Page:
Friday, March 12, 2010

Chunkanan Cenotes

The cenotes at Chunkanan, also known as the Cuzamá cenotes, are a fabulous day trip excursion from Merida. Increasingly popular, these three cenotes (there are more but they are still difficult to access) involve a ride on a horse-drawn 'truck', a turn of the century form of henequen or sisal transportation along 9 kilometers of bumpy small rail tracks.

The success of this home-made tourist attraction has drawn the attention of the mayor of nearby Cuzamá, the larger town just before the Chunkanan hacienda. This fine fellow has decided that the cenotes are not benefiting his town and has made it his mission to stop tourists before they can get to Chunkanan, going as far as to use the local police at his disposition (who obviously have nothing better to do) to block the small road to the hacienda and divert tourists to 'his' truck people, thereby providing them with the tourism pesos and choking off the Chunkanan villagers who initially started the tours. Apparently police tell people that the hacienda is now 'closed' and that the tours originate in Cuzamá. Small town politics with small town minds.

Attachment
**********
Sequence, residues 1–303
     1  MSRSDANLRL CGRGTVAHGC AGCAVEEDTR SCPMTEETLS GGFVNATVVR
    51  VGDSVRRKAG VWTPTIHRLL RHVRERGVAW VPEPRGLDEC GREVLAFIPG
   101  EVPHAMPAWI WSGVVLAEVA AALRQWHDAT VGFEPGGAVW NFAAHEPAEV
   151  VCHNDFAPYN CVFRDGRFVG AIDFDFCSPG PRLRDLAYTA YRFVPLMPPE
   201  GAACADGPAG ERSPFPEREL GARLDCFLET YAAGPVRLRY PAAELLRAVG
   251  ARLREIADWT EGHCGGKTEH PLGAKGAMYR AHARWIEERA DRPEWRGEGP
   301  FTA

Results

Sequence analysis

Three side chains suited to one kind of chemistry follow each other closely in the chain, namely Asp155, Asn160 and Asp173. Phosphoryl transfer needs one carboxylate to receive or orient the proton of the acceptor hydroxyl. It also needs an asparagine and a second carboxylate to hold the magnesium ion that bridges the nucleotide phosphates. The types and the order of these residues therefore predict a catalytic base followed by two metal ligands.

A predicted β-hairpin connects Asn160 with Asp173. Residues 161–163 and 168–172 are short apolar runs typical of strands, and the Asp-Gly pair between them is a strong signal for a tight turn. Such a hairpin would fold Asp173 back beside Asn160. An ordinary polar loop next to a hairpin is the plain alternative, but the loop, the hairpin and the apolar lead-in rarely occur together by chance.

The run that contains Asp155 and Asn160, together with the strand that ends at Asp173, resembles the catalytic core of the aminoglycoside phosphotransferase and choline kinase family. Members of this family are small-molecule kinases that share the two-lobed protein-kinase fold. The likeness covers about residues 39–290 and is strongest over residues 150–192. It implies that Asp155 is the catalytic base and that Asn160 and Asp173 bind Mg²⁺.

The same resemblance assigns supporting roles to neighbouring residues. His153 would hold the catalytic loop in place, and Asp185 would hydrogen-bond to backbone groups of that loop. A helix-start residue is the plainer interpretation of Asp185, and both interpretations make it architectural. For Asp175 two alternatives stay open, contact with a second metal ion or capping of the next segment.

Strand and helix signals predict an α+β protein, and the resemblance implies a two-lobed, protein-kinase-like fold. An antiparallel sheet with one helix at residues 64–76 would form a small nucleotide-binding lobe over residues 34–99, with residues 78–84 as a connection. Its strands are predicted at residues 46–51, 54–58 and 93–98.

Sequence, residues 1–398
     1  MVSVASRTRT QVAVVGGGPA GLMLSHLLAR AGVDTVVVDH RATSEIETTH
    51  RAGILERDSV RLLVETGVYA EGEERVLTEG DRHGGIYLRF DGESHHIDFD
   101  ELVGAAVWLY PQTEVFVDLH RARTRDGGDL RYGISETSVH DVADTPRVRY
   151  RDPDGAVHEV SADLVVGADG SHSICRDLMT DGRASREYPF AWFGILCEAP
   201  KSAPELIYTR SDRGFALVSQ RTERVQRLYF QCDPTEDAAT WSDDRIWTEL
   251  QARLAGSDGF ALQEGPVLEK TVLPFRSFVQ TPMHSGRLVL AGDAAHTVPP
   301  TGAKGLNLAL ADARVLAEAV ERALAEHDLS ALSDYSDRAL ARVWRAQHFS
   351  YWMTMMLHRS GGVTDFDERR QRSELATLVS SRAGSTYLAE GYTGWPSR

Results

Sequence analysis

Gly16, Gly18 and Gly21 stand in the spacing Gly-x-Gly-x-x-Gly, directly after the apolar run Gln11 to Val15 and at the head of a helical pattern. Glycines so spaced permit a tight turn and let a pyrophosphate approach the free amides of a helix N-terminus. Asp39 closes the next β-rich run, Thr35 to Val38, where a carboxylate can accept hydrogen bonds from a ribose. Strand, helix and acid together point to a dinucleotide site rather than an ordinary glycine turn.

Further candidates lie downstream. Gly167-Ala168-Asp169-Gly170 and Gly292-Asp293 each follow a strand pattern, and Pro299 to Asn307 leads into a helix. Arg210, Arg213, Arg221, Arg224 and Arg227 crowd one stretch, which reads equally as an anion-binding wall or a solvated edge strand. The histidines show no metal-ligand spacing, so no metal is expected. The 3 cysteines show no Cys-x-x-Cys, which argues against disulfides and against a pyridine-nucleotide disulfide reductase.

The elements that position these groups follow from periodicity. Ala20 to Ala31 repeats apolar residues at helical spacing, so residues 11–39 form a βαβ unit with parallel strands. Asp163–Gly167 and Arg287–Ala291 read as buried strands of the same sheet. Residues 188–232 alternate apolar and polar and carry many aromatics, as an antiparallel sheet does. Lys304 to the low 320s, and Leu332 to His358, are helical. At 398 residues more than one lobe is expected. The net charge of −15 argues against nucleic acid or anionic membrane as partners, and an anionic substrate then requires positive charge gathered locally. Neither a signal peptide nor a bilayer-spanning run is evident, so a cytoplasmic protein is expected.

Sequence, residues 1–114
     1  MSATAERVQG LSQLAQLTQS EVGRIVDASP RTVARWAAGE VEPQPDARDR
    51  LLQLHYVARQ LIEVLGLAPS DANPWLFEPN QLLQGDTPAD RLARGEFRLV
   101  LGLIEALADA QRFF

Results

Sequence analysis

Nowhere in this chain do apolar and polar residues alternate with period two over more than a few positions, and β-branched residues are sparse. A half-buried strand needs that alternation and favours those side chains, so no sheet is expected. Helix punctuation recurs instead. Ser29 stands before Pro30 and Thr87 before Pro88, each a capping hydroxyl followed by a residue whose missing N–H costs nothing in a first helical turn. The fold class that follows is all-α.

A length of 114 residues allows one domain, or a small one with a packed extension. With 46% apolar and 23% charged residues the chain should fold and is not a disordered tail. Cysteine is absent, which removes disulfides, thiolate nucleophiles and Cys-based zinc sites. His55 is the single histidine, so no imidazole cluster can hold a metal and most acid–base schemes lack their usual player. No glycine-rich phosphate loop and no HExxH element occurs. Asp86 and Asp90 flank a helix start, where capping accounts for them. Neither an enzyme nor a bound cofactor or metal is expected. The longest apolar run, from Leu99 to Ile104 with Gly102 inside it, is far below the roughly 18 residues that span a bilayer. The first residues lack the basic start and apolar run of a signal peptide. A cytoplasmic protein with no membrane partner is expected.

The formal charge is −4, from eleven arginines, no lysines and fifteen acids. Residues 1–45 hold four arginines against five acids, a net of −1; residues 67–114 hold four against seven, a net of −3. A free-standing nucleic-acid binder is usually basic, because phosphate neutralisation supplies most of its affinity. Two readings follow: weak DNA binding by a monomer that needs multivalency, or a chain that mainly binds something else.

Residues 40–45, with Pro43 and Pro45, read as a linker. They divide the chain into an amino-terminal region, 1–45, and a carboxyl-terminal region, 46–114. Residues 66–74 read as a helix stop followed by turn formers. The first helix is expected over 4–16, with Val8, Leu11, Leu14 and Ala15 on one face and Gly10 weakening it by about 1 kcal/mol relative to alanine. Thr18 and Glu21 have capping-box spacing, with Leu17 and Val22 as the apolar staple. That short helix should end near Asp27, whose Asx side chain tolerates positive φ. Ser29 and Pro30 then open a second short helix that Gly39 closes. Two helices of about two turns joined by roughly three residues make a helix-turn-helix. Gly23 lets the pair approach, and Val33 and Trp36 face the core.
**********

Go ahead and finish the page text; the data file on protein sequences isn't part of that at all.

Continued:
I was just in Chunkanan two days ago with a group of nine people and it was a fabulous afternoon. The driver of the little truck said the conflict with the Cuzama people is ongoing - my suggestion is that you politely insist on going on to Chunkanan even if someone suggests that the the cenote route there is 'closed'.

Please note that there is some very slight wasp activity near the mouths of the cenotes for those allergic to wasp stings. This is common as the weather becomes hotter and the insects seek out out the cooler temperatures at the cenotes. We had one such person in our party but he was not stung.

Also, try to visit the cenotes on weekdays, preferably in the early afternoon; you may get the cenotes all to yourself. Avoid long weekends and holidays as the popular swimming holes can become quite crowded.

Word of warning: do NOT make the drive back to Merida from Chunkanan in the dark (we did). The narrow road accommodates only one and a half vehicles, with nasty potholes along the edges making for some interesting steel-nerve moments when approached by a bus or large truck and there is no where to go. Grit your teeth, hit those shoulders and potholes and pray for your drivers side mirror. Topes aka speed bumps, marked and unmarked, are par for this course as well.